Pharmacokinetic-Pharmacodynamic Drug Interactions with HMG-CoA Reductase Inhibitors

  title={Pharmacokinetic-Pharmacodynamic Drug Interactions with HMG-CoA Reductase Inhibitors},
  author={David Williams and John Feely},
  journal={Clinical Pharmacokinetics},
The HMG-CoA reductase inhibitors (statins) are effective in both the primary and secondary prevention of ischaemic heart disease. As a group, these drugs are well tolerated apart from two uncommon but potentially serious adverse effects: elevation of liver enzymes and skeletal muscle abnormalities, which range from benign myalgias to life-threatening rhabdomyolysis. Adverse effects with statins are frequently associated with drug interactions because of their long-term use in older patients who… Expand
Drug–Drug Interactions Between HMG-CoA Reductase Inhibitors (Statins) and Antiviral Protease Inhibitors
Simvastatin and lovastatin have the highest potency for drug–drug interaction with potent CYP3A inhibitors such as ritonavir- or cobicistat-boosted HIV-PI or the hepatitis C virus, telaprevir or boceprevir, and therefore their coadministration is contraindicated. Expand
Drug–drug interactions that interfere with statin metabolism
The pharmacokinetic aspects of the drug–drug interaction with statins and genetic polymorphisms in CYPs, which are involved in the metabolism of statins, are discussed and the importance of establishing a system utilizing electronic medical information practically to avoid adverse drug reactions is highlighted. Expand
Genetic Polymorphisms in Cytochrome P450 Enzymes
  • A. Vermes, I. Vermes
  • Medicine
  • American journal of cardiovascular drugs : drugs, devices, and other interventions
  • 2004
Genotyping may help to select the appropriate HMG-CoA reductase inhibitor and the optimal dosage during the start of the treatment and will allow for more efficient individual therapy. Expand
An updated review of pharmacokinetic drug interactions and pharmacogenetics of statins
The establishment of biomarkers based on novel mechanisms, such as the leakage of microRNAs into the peripheral blood associated with the muscle toxicity, is important for the early detection of statin side effects. Expand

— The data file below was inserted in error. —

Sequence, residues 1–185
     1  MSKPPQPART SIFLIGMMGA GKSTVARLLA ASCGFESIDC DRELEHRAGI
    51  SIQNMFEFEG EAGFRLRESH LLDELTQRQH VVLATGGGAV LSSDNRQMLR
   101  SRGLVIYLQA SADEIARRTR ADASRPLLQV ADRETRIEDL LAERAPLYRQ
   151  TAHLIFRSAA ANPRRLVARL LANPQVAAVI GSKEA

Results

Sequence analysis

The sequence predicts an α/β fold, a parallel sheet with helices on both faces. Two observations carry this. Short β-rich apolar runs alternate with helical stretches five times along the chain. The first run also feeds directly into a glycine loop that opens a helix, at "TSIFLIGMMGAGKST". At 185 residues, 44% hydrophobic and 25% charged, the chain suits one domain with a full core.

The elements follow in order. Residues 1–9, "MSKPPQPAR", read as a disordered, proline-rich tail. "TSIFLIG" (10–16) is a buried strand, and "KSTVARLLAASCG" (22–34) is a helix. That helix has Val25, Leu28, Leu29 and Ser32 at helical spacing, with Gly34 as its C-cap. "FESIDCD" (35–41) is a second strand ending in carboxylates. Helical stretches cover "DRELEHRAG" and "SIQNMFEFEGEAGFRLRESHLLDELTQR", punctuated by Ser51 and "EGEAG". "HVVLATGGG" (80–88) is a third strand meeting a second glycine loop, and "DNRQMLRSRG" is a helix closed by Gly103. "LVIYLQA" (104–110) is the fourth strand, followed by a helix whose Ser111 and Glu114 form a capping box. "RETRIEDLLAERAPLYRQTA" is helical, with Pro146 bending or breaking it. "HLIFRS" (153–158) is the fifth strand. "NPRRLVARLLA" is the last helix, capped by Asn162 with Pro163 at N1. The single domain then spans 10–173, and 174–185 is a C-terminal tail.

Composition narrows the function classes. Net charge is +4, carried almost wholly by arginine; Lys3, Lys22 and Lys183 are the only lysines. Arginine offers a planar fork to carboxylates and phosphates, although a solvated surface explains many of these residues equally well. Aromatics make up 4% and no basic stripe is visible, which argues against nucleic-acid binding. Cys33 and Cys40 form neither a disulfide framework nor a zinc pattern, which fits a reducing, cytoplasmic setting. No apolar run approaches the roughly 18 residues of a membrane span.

Statins and their interactions with other lipid-modifying medications: safety issues in the elderly
The major adverse events associated with statin use, with particular reference to the elderly patient, are summarized, including factors which might increase the risk of adverse effects. Expand
Role of P‐glycoprotein in Statin Drug Interactions
Drug interaction studies involving statins and digoxin support a role for P‐gp, an efflux protein located in the gastrointestinal tract, placenta, kidneys, brain, and liver, and many additional drugs such as diltiazem, verapamil, itraconazoles, ketoconazole, and cyclosporine, interact with statin and are modulators of both CYP3A4 and P‐ gp. Expand
Lipid lowering inefficacy of high-dose statin therapy due to concurrent use of phenytoin.
A case of a patient on multiple lipid-lowering medications, including high-dose atorvastatin whose LDL cholesterol improved significantly after discontinuation of phenytoin is presented, and a review of the literature for similar cases is discussed. Expand
Drug interactions with statins
Possible adverse effects of statins can occur due to interactions in concomitant use of drugs that substantially inhibit or induce their methabolic pathway. Expand
Lipid-lowering therapies and liver enzymes
Lipid-lowering drugs, especially HMGCoA reductase inhibitors, are widely used in the treatment and prevention of cardiovascular disease. They are generally well tolerated. The main, but uncommon,Expand
Cytochrome P450-mediated cardiovascular drug interactions
  • A. Scheen
  • Medicine
  • Expert opinion on drug metabolism & toxicology
  • 2011
Clinicians are encouraged to develop their knowledge of CYP-mediated DDIs so that they can choose safe drug combination regimens, adjust drug dosages appropriately and conduct therapeutic drug monitoring for drugs with narrow therapeutic indices. Expand